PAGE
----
b

Type D circuit-breaker

c

Type B circuit-breaker

d

BS88-3 cartridge fuse

Q8 The part of the circuit-breaker indicated by arrow A will operate on which one of the following electrical principles? A

a

Thermal effect of electric current

b

Magnetic effect of electric current

Circuit-breakers

c

Temperature sensing

Cartridge fuses

d

Mechanical leverage

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50

SPARKS I WI NTE R 2 0 1 9 I E XE RC IS E

Ans.

Ans.

Ans.


Q9 An RCBO provides? a

Short-circuit protection

b

Overload protection

c

Earth leakage protection

d

All of the above forms of protection

kA rating of a protective device Q10 The indicates? a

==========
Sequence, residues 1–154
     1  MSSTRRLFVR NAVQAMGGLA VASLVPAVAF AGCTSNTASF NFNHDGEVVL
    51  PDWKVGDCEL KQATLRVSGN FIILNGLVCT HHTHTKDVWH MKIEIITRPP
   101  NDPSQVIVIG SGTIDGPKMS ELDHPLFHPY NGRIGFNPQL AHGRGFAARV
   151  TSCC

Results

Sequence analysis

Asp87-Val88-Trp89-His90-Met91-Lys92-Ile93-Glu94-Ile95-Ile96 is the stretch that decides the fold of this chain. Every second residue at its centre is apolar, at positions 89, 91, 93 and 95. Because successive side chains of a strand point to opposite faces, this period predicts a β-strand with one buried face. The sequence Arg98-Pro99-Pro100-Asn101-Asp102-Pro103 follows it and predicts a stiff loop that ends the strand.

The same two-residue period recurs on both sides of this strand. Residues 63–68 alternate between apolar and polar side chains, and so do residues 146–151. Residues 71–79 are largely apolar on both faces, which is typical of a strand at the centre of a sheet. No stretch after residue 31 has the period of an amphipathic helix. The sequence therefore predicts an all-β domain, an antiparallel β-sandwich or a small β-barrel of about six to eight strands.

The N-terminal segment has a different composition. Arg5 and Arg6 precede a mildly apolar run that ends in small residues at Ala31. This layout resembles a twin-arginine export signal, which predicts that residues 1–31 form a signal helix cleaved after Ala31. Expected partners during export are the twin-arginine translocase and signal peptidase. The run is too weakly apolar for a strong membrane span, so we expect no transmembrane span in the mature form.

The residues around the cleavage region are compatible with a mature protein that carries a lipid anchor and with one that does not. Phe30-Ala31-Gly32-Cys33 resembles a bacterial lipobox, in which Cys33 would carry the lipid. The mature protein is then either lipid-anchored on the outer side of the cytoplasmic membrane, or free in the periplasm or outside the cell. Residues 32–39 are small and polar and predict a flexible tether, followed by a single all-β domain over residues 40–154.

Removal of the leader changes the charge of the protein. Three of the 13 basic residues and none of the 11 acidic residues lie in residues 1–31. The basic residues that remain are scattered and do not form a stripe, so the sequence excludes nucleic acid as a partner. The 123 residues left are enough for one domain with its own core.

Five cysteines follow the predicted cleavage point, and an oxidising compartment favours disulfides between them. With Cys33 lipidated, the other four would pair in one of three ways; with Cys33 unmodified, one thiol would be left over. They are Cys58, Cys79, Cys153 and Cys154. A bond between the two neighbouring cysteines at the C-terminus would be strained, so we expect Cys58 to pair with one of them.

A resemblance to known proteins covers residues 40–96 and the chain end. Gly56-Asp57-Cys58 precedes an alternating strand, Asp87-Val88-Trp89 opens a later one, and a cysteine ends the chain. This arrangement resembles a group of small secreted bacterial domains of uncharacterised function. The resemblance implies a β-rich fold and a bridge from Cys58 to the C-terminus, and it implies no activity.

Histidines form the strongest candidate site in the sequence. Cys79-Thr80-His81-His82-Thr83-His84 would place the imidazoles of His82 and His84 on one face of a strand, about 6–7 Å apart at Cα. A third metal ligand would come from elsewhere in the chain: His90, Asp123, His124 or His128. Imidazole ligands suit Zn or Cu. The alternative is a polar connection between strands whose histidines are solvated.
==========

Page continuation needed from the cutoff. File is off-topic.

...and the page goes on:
Short-circuit rating of the device

b

Overload setting of the device

c

Maximum circuit design current

d

Minimum current required to operate the device

It is recommended that the arrangement Q11 of protective devices in a simple domestic consumer control unit be…? a

Randomly fitted in the CCU

b

Lighting nearest the main switch

c

Circuits supplying cooker outlet furthest from main switch

d

Largest current rated circuit nearest the main switch

Ans.

Ans.

Q13 The device shown below is generally known as a…?

a

Semi-enclosed fuse

b

Residual current device

c

Cartridge fuse

d

High rupturing capacity fuse

current rating of a protective device Q14 The indicates…? Ans.

Q12 A protective device must be connected…? Ans.

a

The operating current of the device

b

The load current of the device

c

The current rating of the load protected

d

The sustained current the device can carry

Ans.

Ans.